Mr Tony Blair is having another fabulous Gap year

Presumably the former PM is content with Vietnam's human rights record

Matthew Norman
Thursday 12 September 2013 18:28 BST
Former British Prime Minister Tony Blair pauses as he speaks during the Khosla Ventures Cleantech Discussion May 24, 2010 in Sausalito, California.
Former British Prime Minister Tony Blair pauses as he speaks during the Khosla Ventures Cleantech Discussion May 24, 2010 in Sausalito, California.

Hurrah, hurrah, the ultimate triumph of Mr Tony Blair’s work as Middle East peace envoy will allow him to pursue his commercial interests. Previously, while the region was in turmoil, Mr Tony famously eschewed any money-making opportunities, but the outbreak of peace liberates him to expand his Government Advisory Panel. And what a Gap year it’s proving as he follows the familiar student paths to South-east Asia and Latin America. Along with Peru and Thailand, reports The Sunday Telegraph, Vietnam is the latest country to hire his contact book – though, as with previous clients such as Kazakhstan and Kuwait, not until he had contented himself about its exemplary human rights record. No one committed to spreading freedom and democracy would do less.

According to the watchdog Reporters Without Borders, Vietnam’s one-party communist state currently incarcerates only 160 political prisoners, with 35 bloggers in the jug (some for 13 years) for expressing views not to its liking. On 1 September, meanwhile, it introduced “Decree 72”, outlawing the sharing of news reports on the internet. While the US Embassy in Hanoi called on it “to respect the right to free expression”, Mr T has failed to comment. But then (see Louise Mensch, below) he never was much of a boy for blindly following an American lead.

A grasp of history must be in his DNA

Other vultures from Labour’s past continue to encircle Ed Miliband with ghoulish delight. In what The Mail on Sunday comically undersells as a “hugely significant intervention”, David Blunkett pre-empts Ed’s trip to the TUC with a history lesson. “The party needs to promise to reduce the influence of the state over individuals,” he writes, “which, after all, is exactly what it was created to achieve ...” How exceedingly true. The gigantic welfare state was a hideous problem in the late 19th century, and the Attlee government later set about shrinking the state by creating the NHS and implementing the Beveridge report. You may recall that Blunkers was resigned from Cabinet, for a second time, in 2005 over his shareholding in a firm bidding for government contracts to provide mandatory DNA testing, even though he was later cleared of breaching the Ministerial Code. Reducing the state’s influence over individuals was always a passion with him.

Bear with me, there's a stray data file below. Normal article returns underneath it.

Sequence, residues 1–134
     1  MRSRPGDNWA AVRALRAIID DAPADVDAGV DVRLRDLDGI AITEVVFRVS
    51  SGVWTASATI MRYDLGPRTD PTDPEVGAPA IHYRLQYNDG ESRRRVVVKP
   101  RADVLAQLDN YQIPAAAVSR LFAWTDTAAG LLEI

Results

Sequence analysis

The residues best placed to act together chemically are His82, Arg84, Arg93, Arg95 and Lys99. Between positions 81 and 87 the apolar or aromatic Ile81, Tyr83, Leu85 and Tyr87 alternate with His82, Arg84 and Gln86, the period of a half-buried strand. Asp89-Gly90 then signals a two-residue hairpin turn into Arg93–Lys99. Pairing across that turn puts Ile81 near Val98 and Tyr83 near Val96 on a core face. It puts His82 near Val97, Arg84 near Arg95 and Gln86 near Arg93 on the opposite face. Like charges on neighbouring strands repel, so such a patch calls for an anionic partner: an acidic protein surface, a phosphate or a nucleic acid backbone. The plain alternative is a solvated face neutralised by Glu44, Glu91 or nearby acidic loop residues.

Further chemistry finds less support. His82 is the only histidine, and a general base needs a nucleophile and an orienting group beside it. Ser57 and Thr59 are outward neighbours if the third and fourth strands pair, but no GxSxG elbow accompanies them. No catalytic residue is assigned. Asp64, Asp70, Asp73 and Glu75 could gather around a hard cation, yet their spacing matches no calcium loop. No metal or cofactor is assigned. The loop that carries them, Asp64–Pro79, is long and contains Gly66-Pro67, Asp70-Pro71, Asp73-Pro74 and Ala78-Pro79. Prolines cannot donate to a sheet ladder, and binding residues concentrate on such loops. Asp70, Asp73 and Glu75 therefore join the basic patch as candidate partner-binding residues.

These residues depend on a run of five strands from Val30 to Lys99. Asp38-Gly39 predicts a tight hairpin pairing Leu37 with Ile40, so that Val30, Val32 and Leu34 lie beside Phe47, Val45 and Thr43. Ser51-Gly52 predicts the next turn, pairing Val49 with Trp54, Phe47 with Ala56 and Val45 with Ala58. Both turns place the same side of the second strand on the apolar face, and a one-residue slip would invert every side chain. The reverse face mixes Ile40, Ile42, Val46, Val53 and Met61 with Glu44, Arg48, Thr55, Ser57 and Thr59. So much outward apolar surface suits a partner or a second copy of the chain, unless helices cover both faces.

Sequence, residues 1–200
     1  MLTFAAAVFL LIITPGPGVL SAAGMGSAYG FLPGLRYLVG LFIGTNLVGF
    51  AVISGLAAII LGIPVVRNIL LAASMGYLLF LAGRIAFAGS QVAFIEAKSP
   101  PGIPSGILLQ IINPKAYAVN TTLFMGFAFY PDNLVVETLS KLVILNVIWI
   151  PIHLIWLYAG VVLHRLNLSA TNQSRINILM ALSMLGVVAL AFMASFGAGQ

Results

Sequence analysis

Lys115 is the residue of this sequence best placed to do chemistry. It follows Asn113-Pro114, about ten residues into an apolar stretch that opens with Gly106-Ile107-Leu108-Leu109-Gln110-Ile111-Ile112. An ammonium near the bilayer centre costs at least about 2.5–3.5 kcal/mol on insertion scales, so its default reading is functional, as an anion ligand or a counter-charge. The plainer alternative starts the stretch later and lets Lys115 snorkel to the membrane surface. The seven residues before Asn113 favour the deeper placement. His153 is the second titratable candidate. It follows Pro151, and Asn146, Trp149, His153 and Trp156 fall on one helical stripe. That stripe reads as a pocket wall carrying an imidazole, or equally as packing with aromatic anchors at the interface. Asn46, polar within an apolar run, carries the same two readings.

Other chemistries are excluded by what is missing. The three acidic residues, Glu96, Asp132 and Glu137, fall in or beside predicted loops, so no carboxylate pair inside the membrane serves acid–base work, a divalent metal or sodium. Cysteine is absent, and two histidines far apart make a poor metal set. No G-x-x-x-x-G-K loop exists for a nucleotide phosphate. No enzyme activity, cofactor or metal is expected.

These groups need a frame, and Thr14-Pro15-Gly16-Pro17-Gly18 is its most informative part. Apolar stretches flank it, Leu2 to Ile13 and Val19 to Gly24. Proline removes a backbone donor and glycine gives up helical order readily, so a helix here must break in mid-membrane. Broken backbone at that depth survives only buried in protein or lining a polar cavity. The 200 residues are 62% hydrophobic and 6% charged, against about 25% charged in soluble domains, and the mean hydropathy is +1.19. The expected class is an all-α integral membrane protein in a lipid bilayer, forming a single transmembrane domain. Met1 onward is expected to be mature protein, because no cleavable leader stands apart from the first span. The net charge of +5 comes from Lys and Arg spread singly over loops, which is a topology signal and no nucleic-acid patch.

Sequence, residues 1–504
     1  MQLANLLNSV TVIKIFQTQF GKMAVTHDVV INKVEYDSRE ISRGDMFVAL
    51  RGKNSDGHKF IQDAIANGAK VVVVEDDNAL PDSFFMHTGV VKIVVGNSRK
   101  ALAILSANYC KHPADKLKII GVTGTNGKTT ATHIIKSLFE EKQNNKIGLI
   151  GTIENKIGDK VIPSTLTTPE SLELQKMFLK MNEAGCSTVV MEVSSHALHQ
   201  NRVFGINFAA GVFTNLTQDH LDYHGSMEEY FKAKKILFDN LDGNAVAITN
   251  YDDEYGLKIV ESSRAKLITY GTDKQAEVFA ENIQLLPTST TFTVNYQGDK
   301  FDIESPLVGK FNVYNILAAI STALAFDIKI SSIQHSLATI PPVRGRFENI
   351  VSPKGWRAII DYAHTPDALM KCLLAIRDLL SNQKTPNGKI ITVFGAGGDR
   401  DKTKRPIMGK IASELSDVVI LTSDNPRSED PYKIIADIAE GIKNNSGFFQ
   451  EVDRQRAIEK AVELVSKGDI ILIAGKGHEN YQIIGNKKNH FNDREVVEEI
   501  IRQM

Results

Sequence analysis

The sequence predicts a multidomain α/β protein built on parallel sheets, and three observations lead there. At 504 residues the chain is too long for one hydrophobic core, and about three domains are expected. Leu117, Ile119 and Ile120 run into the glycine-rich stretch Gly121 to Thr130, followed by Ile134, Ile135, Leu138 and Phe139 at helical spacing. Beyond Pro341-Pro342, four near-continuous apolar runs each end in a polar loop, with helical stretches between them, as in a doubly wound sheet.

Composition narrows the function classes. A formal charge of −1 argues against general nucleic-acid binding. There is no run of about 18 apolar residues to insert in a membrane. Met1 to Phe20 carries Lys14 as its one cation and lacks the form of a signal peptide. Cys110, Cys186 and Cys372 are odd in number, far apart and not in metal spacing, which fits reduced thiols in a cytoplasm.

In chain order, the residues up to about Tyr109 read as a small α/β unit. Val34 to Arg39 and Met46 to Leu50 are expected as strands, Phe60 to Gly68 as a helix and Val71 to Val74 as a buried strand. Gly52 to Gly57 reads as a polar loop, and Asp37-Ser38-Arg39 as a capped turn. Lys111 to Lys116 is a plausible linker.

Bears in the woods; bookies giving odds

Not sated by that, The Mail on Sunday devoted another two pages to Ed’s travails with the unions. So bleak is his situation, shrieked a subhead, that “now even bookies are giving odds on next leader”. It’s that “even” I adore. Were it the Dalai Lama or the Dagenham Girl Pipers, you wouldn’t be concerned. But when bookmakers start quoting odds … well, it must be a very grave crisis. Even bookies, incidentally, quote odds on the next PM, and a certain Ed Miliband is even money favourite.

Cynical self-interest won’t fool Alastair

Sarah Teather’s decision to quit as a Lib Dem MP in 2015 offers Alastair Campbell the chance to further his crusade against corrosive cynicism in political commentary. Ms Teather spoke tearfully about feeling “catastrophically depressed” by Nick Clegg’s hard line on immigrants. Since the understanding of depression is one of Alastair’s special interests, his sympathy is no more surprising than his lack of cynicism. “Sarah Teather,” runs Ali’s tweet, “a looming lost seat dressed up as look-at-me ‘principles’.” Enchanting, as always.

Impeccable logic leads to … Obama

No one doubts the purity of Louise Mensch’s motives in quitting parliament, and from her lucrative Murdochian berth as a Sun on Sunday columnist she remains a stout supporter of her old boss. Unlike Mr Blair, writes Louise of the Syrian vote disaster, “David Cameron didn’t just ask ‘how high?’ when Barack said jump – he put it to Parliament.” She wastes no time in ramming home this celebration of a fiercely independent British PM. “The fact is, it’s Obama’s mess,” she observes three paragraphs later. “He’s the one who pushed for an early vote in the UK.” Genius.

Seeing clearly the Bacon way

Also on top form in the SoS is guest columnist Richard Bacon. Among the “GENUINE facts” Richard learned about Mr Assad only last week is that “Bashar trained to be an optician in London. If things had worked out differently, he might now be running a branch of Specsavers…” Out of respect for the Wildean wit, we will not muse on how the presenter of Radio 5 Live’s daily current affairs show could have been ignorant about a GENUINE fact included in every Assad profile for years. But for the record, he was a postgraduate ophthalmology student, and a touch overqualified to oversee the Specsavers reading chart.

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